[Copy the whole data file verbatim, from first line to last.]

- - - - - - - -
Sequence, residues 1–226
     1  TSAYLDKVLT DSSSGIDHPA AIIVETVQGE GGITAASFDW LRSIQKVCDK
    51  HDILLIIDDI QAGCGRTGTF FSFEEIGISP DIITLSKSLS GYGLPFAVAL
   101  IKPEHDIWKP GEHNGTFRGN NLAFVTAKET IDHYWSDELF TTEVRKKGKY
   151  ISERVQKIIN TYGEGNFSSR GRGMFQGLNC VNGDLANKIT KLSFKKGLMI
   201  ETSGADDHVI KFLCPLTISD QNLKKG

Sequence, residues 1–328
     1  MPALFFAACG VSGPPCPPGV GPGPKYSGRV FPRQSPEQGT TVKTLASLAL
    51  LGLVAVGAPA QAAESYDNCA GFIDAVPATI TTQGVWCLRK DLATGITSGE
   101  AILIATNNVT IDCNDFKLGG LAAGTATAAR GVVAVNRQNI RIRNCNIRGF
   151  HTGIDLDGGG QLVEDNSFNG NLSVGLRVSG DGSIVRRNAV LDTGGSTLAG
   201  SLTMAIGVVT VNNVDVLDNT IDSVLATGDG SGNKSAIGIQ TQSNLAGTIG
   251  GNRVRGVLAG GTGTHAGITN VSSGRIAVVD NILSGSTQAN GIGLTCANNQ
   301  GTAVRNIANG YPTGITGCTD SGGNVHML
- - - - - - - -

Sequence, residues 1–226
     1  TSAYLDKVLT DSSSGIDHPA AIIVETVQGE GGITAASFDW LRSIQKVCDK
    51  HDILLIIDDI QAGCGRTGTF FSFEEIGISP DIITLSKSLS GYGLPFAVAL
   101  IKPEHDIWKP GEHNGTFRGN NLAFVTAKET IDHYWSDELF TTEVRKKGKY
   151  ISERVQKIIN TYGEGNFSSR GRGMFQGLNC VNGDLANKIT KLSFKKGLMI
   201  ETSGADDHVI KFLCPLTISD QNLKKG

Sequence, residues 1–328
     1  MPALFFAACG VSGPPCPPGV GPGPKYSGRV FPRQSPEQGT TVKTLASLAL
    51  LGLVAVGAPA QAAESYDNCA GFIDAVPATI TTQGVWCLRK DLATGITSGE
   101  AILIATNNVT IDCNDFKLGG LAAGTATAAR GVVAVNRQNI RIRNCNIRGF
   151  HTGIDLDGGG QLVEDNSFNG NLSVGLRVSG DGSIVRRNAV LDTGGSTLAG
   201  SLTMAIGVVT VNNVDVLDNT IDSVLATGDG SGNKSAIGIQ TQSNLAGTIG
   251  GNRVRGVLAG GTGTHAGITN VSSGRIAVVD NILSGSTQAN GIGLTCANNQ
   301  GTAVRNIANG YPTGITGCTD SGGNVHML